Paul Gilmore, a doctoral candidate in Sundaresan’s lab, started integrating polymers into the cathode to check if he could protect the anode from oxygen. He thought that if he could find a method to do that, it would offer potassium-oxygen batteries a chance at longer lives. He was eventually right: The group understood that swelling in the polymer played a key role in its performance. Gilmore stated that the key was to find a way to bring oxygen into the battery—essential for it to work—without permitting oxygen to diffuse the anode.

This design works somewhat akin to human lungs: Air enters the battery via a fibrous carbon layer, subsequently reaches a second layer that is rather less porous and finally reaches a third layer, which is hardly porous at all. That third layer, composed of the conducting polymer, enables potassium ions to travel all through the cathode but blocks molecular oxygen from entering the anode. The design implies that the battery can be charged at least 125 times—offering potassium-oxygen batteries over 12 times the longevity they earlier had with low-cost electrolytes.

According to Sundaresan, the finding demonstrates that this is possible; however, the team’s tests haven’t shown that the batteries can be created on the scale needed for power-grid storage. However, it holds promise.

Gilmore stated that there may also be a possibility for potassium-oxygen batteries to be valuable in other applications.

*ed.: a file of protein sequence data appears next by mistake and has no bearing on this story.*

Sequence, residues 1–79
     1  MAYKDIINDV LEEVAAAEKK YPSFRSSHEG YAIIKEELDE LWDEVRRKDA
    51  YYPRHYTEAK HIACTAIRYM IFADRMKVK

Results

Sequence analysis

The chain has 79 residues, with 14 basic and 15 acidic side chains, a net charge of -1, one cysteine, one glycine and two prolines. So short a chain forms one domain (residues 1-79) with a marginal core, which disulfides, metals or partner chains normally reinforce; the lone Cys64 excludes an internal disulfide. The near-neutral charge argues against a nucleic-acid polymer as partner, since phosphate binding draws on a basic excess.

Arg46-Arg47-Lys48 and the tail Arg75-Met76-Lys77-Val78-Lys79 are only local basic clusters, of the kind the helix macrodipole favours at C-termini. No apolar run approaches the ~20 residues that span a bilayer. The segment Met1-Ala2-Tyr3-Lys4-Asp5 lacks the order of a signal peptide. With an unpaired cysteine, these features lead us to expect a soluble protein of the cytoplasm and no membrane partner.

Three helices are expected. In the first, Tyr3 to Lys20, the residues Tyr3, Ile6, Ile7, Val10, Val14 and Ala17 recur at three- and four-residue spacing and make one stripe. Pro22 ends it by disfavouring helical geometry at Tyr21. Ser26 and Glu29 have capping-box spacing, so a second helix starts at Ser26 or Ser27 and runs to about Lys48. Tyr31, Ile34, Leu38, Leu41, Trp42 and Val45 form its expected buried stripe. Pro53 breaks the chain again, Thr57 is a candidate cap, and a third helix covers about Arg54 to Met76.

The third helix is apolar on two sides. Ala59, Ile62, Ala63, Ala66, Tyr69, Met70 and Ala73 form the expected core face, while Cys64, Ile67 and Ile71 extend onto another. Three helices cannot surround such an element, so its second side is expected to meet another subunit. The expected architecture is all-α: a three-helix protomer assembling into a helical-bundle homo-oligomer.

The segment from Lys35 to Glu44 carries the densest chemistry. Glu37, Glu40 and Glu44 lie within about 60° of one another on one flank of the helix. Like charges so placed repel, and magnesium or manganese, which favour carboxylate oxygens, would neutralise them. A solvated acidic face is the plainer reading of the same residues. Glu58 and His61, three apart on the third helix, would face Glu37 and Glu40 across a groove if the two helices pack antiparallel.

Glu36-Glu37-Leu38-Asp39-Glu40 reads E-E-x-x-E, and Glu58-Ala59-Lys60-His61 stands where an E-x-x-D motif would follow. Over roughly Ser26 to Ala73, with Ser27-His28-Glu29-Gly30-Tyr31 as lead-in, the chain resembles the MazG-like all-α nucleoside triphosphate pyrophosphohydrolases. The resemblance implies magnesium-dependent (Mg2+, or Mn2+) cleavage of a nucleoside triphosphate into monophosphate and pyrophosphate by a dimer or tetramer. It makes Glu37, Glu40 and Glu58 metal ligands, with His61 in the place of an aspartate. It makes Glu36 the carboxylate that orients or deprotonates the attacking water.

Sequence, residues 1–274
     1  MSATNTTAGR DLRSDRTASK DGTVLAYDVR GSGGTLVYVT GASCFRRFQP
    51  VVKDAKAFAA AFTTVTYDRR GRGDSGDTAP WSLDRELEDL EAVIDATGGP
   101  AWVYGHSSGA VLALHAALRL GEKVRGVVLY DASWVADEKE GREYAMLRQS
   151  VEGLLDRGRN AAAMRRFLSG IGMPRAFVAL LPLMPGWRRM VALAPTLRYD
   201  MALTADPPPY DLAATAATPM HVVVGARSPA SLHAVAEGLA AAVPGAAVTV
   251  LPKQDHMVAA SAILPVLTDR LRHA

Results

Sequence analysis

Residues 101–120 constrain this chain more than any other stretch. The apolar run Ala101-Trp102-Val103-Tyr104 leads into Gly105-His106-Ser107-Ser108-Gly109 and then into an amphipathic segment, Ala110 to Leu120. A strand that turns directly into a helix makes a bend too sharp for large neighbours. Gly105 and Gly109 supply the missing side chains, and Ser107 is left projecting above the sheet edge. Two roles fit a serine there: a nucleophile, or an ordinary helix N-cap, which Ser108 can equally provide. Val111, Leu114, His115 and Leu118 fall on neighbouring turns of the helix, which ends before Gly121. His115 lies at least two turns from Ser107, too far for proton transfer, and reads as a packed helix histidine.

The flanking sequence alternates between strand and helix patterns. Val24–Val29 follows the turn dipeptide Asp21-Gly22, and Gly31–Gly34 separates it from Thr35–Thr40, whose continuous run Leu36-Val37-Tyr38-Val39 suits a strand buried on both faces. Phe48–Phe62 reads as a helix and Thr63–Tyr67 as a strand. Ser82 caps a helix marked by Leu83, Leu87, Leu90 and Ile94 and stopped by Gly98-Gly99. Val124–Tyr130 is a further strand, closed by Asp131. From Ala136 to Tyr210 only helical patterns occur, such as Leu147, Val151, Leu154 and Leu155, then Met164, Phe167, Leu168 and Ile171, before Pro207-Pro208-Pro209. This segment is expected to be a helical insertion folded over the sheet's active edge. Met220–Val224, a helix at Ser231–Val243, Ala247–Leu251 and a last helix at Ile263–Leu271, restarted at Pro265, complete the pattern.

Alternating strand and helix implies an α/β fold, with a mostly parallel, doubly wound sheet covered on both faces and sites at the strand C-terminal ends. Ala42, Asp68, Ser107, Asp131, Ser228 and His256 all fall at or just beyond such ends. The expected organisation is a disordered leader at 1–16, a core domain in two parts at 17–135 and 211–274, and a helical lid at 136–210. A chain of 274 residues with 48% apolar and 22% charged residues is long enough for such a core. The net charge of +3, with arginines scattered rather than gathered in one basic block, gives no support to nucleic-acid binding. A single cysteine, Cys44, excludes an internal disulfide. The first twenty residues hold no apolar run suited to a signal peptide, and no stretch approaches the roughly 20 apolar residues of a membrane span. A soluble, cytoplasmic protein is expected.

Oxygen batteries have higher energy density, which means they can improve the range of electric vehicles and battery life of portable electronics, for example, though other challenges must be overcome before potassium-oxygen batteries are viable for these applications,” he said.

Also, the finding provides an alternative to lithium-ion batteries and others that depend on cobalt, a material that has been known as “the blood diamond of batteries.” The material is very difficult to mine that leading companies, like TESLA, have announced their strategies to remove it from batteries completely.

It is very important that batteries intended for large-scale applications do not use cobalt,” Sundaresan said.

Furthermore, it is essential for the battery to be made cheaply. Lithium-oxygen batteries—a potential energy storage solution that is extensively regarded as one of the most feasible choices—can be expensive, and many depend on sparse resources, such as cobalt. The lithium-ion batteries that power a number of electric cars cost approximately $100 per kilowatt hour at the level of the material.

The scientists calculated that this potassium-oxygen battery will cost about $44 per kilowatt hour.

When it comes to batteries, one size does not fit all. For potassium-oxygen and lithium-oxygen batteries, the cost has been prohibitive to use them as grid power backup. But now that we’ve shown that we can make a battery this cheap and this stable, then it makes it compete with other technologies for grid power backup. If you have a smallish battery that is cheap, then you can talk about scaling it up. If you have a smallish battery that is $1,000 a pop, then scaling it up is just not possible. This opens the door for scaling it up.

Vishnu-Baba Sundaresan, Study Co-Author and Professor, Mechanical and Aerospace Engineering, Ohio State

This research was funded by a grant from the National Science Foundation.